Among Scotland’s countless islands, the favorite among travelers is the scenic Isle of Skye, with its narrow, twisty roads winding around the island in the shadows of craggy, bald mountains, and a coastline ruffled with peninsulas and sea lochs.
Scotland’s islands may be distant fringes, but those who venture to them are richly rewarded with dramatic landscapes, a rich heritage, and a warm welcome. Among Scotland’s countless islands, the favorite among travelers is the scenic Isle of Skye, with its narrow, twisty roads winding around the island in the shadows of craggy, bald mountains, and a coastline ruffled with peninsulas and sea lochs.
Just off the northwest coast, Skye is the country’s second-biggest island. Though it takes two hours to drive it from south to north, it only has about 13,000 residents. The island seems to have more sheep than locals — and it’s been that way since the Highland Clearances back in the 1800s. That’s when wealthy landowners decided sheep were better for their bottom line than people. Landless peasants were driven out and to this day the island’s population is half what it used to be.
Connected to mainland Scotland by a bridge, Skye is a two-hour drive from Inverness, the largest Highlands city. While most travelers visit Skye as a harried day trip from Inverness, it’s better to spend at least two nights here.
Skye’s best home base is Portree, with a picturesque harbor area but no real sights. There are a few hotels, hostels and bed-and-breakfasts in town, while more B&Bs line the roads into and out of town. But as Skye has gotten very popular in recent years, Portree is now jammed with visitors in the summer. It’s important to book accommodations as far ahead as possible.
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While Portree has several good sit-down restaurants, my go-to meal is fish and chips at the harborside “chippy.” Its outdoor picnic bench is forever empty, though, as seagulls are famously aggressive here. Hungry diners are forced to eat standing up against the wall, or else a gull will swoop down for a slab of cod.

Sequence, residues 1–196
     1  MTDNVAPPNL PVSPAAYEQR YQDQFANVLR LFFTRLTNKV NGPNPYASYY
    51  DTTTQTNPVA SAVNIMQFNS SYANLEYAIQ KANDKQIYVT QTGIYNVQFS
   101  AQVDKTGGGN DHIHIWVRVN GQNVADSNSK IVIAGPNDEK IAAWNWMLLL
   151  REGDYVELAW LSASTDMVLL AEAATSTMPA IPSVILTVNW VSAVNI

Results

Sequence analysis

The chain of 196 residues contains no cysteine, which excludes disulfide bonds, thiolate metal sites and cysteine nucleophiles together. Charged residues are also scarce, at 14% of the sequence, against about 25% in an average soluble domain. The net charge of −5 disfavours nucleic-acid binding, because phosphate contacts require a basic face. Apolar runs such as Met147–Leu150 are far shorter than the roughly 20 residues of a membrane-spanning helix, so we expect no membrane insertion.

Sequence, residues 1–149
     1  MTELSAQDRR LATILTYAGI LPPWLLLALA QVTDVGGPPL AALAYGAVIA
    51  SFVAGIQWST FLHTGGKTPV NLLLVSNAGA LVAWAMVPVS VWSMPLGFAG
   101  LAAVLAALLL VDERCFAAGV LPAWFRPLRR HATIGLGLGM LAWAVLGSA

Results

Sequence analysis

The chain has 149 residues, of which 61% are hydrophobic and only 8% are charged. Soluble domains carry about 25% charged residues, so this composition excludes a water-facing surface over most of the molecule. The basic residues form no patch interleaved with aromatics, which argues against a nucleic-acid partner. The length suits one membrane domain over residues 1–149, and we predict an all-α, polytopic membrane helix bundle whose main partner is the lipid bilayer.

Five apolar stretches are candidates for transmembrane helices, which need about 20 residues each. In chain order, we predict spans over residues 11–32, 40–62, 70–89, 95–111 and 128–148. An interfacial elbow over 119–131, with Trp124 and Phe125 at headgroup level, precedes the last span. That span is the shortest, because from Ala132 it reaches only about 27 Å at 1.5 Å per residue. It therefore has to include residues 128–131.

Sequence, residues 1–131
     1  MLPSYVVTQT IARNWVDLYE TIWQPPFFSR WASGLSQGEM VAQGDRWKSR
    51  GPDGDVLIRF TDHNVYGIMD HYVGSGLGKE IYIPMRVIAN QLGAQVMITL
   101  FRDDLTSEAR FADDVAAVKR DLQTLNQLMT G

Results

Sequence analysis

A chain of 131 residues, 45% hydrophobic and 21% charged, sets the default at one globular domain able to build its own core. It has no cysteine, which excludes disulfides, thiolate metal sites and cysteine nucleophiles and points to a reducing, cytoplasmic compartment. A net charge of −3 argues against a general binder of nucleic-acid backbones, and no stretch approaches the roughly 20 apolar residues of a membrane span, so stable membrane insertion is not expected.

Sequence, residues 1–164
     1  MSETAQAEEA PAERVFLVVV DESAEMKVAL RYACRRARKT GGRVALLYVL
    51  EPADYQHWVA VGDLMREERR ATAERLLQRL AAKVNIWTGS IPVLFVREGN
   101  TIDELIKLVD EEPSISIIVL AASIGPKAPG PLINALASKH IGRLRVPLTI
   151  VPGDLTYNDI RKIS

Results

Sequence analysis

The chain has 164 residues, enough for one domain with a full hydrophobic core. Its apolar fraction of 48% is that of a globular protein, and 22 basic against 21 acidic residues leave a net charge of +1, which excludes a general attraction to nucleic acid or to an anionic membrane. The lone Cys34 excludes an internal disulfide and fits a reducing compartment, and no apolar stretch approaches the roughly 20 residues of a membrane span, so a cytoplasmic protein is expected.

In good weather, the island’s highlight is a drive north of Portree around the Trotternish Peninsula. This drive is packed with windswept castaway views, unique geological formations, and some of Scotland’s most dramatic scenery, including jaw-dropping cliffs plunging into the sea, such as the 200-foot-tall Kilt Rock, named for volcanic lava columns that look like pleats in a kilt.
It’s worth getting out of the car and taking a hike. One of my favorites is the easy walk across a dramatic escarpment called the Quiraing, where landslides caused the jagged formations. Hikers are richly rewarded with a closer look at the formations and unforgettable views of the island. Even a short walk to a nearby bluff — to get away from the cars and be alone with the wind and the island wonder — is rewarding.
Another stop along the drive is the fine little Skye Museum of Island Life, which shows how a typical family here lived in the 1800s. Seven thatched stone huts represent a croft, or typical farming community of Scotland. In these huts, the kitchen was where all the action happened. Families would huddle around the hearth, where a peat fire would burn day and night, giving off its signature sweet, smoky smell. For social time, the community would gather for a ceilidh, where they’d gossip, drink whiskey, then pick up some instruments and play music and dance.
Aside from the Trotternish Peninsula, Skye has a handful of other worthy sights. Perched on a rock overlooking a sea loch, Dunvegan Castle is the residence of the MacLeod clan, who claim that this is the oldest continuously inhabited castle in Scotland. The castle provides an interesting look at rural Scottish aristocratic lifestyles and their antiquated clan system.
For whiskey lovers, a tour and tasting at the Talisker Distillery is a must. This Skye institution, which has been distilling here since 1830, is situated at the base of a hill with 14 springs. Island whiskey tends to be smokier than mainland whiskey due to the amount of peat smoke used during malting. It’s fun to taste and compare.
If you know where to look, you’ll find that the island is strewn with the scant remains of past civilizations. Just off the road between the distillery and castle hides Dun Beag, an Iron Age fort. From the parking lot, a 10-minute walk leads to a 2,000-year-old stone tower capping a hill — a stony remnant of a long-forgotten, proto-Scottish people. It was likely built as a lookout tower and/or safe house, where families and their domesticated animals would gather in times of attack. Looking at the number of broken stones surrounding it, it’s clear the tower stood much taller at one point.
Scrambling around Dun Beag is particularly evocative. Surrounded by 360 degrees of deep-green views, it feels as if you’re uncovering yet another dimension of this fascinating land. And that’s the appeal of this island. It’s vast, beautiful, inviting and marinated in clan lore, luring the traveler ever deeper.